Patients without prolonged QRS after TAVI with CoreValve device do not experience high-degree atrio-ventricular block

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To identify clinical and electrical factors predicting delayed high-degree atrio-ventricular block (AVB) after transcatheter aortic valve implantation (TAVI).


TAVI is a new technique for treating severe aortic valve stenosis in patients at high surgical risk but can be followed by high-grade AVB requiring permanent pacing (PP).

Methods and Results

The study included 79 patients (82 ± 17 years, Euroscore = 23% ± 10%) free of PP need before and immediately after TAVI procedure. Delayed high-degree AVB was defined by types 2 or 3 AVB diagnosed at least 24 hr after the index procedure. Permanent pacemaker implantation was performed for all these patients. We compared clinical and electrical variables before and after TAVI in patients with delayed AVB or not. TAVI was performed successfully in all patients. The 21 (26%) patients who exhibited delayed high-grade AVB had significantly deeper prosthesis implantation (12 ± 4 mm vs. 9 ± 5 mm, P = 0.03) and wider post-TAVI QRS duration (155 ± 17 msec vs. 131 ± 25 msec, P = 0.0004), with no difference in baseline QRS duration. Post-TAVI QRS duration was the only independent predictor of post-TAVI permanent for delayed high-degree AVB (P = 0.02). After a mean follow-up of 10 ± 8 months, all 21 patients with post-TAVI QRS ≤128 msec were free of high-grade AVB, whereas 21/55 (38%) patients with post-TAVI QRS >128 msec had PP (P = 0.0016).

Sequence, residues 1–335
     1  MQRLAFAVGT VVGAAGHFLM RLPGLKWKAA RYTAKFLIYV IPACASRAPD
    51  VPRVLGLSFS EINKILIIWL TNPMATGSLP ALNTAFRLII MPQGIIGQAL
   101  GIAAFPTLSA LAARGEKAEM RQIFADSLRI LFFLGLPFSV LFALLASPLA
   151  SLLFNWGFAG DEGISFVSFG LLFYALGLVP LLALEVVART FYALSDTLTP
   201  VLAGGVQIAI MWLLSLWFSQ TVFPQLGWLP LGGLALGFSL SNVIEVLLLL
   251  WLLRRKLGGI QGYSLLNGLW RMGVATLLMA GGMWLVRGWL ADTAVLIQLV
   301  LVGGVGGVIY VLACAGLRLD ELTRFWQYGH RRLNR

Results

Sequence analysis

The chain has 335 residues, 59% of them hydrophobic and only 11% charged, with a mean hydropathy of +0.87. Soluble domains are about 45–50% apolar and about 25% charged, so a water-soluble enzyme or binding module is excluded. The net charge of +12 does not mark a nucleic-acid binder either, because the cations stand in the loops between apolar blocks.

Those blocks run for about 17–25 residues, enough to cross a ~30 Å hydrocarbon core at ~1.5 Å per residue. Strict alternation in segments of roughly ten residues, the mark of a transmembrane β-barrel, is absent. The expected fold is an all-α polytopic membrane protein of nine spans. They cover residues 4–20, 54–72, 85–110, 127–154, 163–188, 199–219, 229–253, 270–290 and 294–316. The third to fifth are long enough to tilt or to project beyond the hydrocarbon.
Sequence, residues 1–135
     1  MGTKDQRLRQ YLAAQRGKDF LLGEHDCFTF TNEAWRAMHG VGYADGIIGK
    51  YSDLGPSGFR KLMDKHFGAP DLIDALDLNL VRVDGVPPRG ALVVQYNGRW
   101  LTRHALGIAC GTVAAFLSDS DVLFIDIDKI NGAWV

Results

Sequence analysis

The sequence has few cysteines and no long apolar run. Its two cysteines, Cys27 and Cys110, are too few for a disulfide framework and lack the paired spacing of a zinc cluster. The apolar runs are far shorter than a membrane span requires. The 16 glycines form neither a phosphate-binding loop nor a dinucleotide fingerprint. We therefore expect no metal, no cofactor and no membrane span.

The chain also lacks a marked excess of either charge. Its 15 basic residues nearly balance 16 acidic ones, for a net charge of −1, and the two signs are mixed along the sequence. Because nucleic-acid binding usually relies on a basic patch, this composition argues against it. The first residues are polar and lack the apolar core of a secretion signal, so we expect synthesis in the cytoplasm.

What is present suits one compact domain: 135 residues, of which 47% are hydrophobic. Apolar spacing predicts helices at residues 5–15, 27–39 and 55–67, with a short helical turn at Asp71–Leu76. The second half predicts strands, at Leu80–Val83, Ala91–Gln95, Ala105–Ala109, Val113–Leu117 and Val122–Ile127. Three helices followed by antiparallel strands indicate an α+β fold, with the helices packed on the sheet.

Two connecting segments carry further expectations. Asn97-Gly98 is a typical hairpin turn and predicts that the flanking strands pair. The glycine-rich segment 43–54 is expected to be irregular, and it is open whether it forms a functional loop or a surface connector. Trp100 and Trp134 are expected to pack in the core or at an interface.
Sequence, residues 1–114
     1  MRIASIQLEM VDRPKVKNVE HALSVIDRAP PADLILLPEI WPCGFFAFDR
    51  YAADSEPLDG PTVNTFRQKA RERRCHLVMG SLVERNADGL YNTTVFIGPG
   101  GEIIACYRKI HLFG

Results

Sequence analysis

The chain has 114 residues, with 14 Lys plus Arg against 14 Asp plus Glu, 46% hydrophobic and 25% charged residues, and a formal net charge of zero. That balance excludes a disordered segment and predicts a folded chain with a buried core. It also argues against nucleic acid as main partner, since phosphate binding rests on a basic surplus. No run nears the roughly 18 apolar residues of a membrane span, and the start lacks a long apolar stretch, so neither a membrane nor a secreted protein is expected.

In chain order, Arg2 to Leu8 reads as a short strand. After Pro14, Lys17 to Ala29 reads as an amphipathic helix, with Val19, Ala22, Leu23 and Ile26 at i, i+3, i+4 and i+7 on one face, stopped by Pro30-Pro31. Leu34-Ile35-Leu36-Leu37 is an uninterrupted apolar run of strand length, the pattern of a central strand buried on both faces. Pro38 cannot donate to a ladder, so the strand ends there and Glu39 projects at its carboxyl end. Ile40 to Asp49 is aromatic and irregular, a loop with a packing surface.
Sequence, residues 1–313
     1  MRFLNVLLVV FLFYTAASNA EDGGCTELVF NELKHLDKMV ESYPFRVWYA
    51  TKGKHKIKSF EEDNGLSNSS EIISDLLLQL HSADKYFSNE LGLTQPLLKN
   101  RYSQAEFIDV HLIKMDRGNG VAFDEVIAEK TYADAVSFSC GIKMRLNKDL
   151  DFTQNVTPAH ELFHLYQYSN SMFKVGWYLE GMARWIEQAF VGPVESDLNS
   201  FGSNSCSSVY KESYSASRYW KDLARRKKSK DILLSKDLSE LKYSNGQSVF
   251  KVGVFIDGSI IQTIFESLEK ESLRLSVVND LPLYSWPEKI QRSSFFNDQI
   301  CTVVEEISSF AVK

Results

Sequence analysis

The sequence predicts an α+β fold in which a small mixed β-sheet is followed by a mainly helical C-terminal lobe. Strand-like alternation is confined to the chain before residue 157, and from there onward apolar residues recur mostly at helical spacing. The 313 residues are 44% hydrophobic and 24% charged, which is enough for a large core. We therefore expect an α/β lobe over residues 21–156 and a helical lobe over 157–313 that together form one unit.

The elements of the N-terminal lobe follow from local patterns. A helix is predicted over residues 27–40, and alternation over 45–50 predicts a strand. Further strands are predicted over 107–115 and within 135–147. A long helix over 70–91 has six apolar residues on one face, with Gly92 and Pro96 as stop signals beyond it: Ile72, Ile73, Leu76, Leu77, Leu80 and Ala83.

Delayed (>24 hr after the procedure) high-grade AVB necessitating PP is common after TAVI. QRS duration measured immediately after TAVI was the best independent predictor of PP in this population. Patients with QRS ≤128 msec immediately after TAVI had no risk of requiring PP. © 2012 Wiley, Periodicals, Inc.

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